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A physician based in Missoula, Mont., has a message for libertarian-minded skeptics of the pandemic – cowboy up and mask up.
In a recent opinion piece published in newspapers across the state, Marc Mentel, president of the Montana Medical Association, wrote that "real cowboys do what they have to do to get the job done, they don't whine, and they always help their neighbor…. The data is clear: masking, social distancing and washing hands will reduce the chances of spreading COVID."
A recent review of more than a hundred studies by researchers at Brigham Young University showed that masks are overwhelmingly effective in slowing the spread of the novel coronavirus, which has claimed more than 150,000 lives in the U.S. since March.
Mentel told the Mountain West News Bureau that he was inspired to write the commentary after reading about the Cowboy Code of Ethics, an unwritten set of rules that, according to folklore, guided conduct on the 19th century frontier.
"It was the idea that we were all in this together and when you were out on the frontier as a pioneer or a cowboy, you always did whatever you needed to do to help one another," he said. "It was all about survival."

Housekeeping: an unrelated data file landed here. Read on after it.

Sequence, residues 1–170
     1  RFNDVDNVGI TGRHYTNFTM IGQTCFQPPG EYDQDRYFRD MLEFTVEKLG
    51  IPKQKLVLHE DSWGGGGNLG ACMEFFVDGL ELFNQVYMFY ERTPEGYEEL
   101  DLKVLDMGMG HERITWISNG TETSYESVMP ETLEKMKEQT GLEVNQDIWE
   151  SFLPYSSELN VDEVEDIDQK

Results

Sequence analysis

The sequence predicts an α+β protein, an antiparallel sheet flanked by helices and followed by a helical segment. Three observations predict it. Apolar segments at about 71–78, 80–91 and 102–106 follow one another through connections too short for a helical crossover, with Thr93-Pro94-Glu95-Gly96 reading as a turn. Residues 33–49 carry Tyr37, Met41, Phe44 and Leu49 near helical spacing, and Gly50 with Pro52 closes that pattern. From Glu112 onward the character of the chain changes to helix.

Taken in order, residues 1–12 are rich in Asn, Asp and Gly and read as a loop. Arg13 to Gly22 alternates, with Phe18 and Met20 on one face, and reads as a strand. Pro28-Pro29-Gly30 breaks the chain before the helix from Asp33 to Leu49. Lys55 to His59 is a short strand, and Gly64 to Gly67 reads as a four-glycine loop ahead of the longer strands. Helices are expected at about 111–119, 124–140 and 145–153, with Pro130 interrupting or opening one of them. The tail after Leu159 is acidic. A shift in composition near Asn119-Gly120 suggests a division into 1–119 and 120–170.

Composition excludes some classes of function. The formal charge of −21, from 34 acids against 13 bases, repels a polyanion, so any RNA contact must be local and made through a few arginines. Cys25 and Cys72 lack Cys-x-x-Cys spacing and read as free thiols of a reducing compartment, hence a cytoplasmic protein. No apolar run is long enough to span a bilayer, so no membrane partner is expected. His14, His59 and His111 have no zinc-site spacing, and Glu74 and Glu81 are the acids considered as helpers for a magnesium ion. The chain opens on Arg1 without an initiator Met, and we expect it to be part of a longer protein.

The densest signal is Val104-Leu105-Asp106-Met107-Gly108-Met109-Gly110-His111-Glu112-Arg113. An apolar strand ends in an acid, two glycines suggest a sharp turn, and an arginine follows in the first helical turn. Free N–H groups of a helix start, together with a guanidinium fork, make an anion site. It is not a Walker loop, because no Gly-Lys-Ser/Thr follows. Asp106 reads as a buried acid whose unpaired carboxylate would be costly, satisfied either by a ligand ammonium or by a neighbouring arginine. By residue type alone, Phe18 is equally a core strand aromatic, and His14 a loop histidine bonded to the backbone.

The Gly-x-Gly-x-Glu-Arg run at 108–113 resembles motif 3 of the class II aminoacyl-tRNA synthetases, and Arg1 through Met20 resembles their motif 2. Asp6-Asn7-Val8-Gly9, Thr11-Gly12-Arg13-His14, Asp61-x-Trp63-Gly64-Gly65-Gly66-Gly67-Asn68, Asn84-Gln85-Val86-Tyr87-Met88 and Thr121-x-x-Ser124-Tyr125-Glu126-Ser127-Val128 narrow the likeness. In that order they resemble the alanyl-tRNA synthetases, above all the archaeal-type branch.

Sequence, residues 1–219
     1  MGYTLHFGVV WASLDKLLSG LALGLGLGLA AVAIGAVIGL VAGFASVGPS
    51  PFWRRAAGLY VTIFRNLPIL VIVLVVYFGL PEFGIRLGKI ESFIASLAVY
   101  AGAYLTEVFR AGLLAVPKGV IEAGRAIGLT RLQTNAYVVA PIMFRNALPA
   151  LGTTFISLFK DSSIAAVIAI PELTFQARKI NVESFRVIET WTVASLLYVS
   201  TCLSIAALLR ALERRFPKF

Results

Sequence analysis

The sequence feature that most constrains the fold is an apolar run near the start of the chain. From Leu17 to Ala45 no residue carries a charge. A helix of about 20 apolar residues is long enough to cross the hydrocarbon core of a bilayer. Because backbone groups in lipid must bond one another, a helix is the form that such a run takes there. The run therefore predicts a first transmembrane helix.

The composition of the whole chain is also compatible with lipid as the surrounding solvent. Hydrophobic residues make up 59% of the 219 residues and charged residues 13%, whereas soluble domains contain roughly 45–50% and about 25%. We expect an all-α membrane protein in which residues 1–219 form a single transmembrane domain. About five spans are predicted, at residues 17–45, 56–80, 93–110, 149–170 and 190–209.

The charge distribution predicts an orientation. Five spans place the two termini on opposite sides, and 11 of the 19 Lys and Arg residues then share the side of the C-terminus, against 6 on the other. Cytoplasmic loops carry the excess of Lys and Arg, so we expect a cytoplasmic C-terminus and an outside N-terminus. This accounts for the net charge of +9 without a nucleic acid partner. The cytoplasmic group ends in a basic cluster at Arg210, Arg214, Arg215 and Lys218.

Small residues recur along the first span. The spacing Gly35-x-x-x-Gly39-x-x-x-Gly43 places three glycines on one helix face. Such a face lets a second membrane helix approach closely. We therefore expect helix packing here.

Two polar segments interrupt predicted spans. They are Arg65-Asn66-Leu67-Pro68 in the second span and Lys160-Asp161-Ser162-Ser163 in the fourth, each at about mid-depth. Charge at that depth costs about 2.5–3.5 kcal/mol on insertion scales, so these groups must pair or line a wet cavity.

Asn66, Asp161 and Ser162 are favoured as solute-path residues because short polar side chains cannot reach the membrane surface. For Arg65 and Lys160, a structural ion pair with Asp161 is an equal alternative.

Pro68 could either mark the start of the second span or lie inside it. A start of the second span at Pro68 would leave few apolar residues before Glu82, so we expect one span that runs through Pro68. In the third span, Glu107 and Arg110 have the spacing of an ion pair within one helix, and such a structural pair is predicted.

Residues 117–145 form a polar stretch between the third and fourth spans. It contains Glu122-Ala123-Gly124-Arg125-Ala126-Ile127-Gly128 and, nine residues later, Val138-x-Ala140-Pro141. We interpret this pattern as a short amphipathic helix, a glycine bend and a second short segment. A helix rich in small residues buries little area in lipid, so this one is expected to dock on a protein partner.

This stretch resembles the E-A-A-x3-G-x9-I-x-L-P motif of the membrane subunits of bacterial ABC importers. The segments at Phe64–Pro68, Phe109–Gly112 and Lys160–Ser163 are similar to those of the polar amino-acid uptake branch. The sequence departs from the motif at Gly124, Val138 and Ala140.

Many states in the Mountain West have enacted mask mandates, including Montana. However, a group of 38 sheriffs in the state signed an op-ed saying they wouldn't enforce the governor's order. On a recent Sunday, a diner in Hamilton, Mont., was full of customers and staff not wearing masks and not social distancing.
Mentel says the Cowboy Code of Ethics contains wise words for fighting the pandemic, and that now isn't the time to argue that the mask mandate is an affront to individual liberty because by not wearing one you infringe on other people's rights to be healthy.
"You ride for the brand and our brand is the human race," he said. "We all need to do what we can to stamp this pandemic down and make sure we do the best we can for our neighbors."
This story was produced by the Mountain West News Bureau, a collaboration between Wyoming Public Media, Boise State Public Radio in Idaho, KUNR in Nevada, the O'Connor Center for the Rocky Mountain West in Montana, KUNC in Colorado, KUNM in New Mexico, with support from affiliate stations across the region. Funding for the Mountain West News Bureau is provided in part by the Corporation for Public Broadcasting.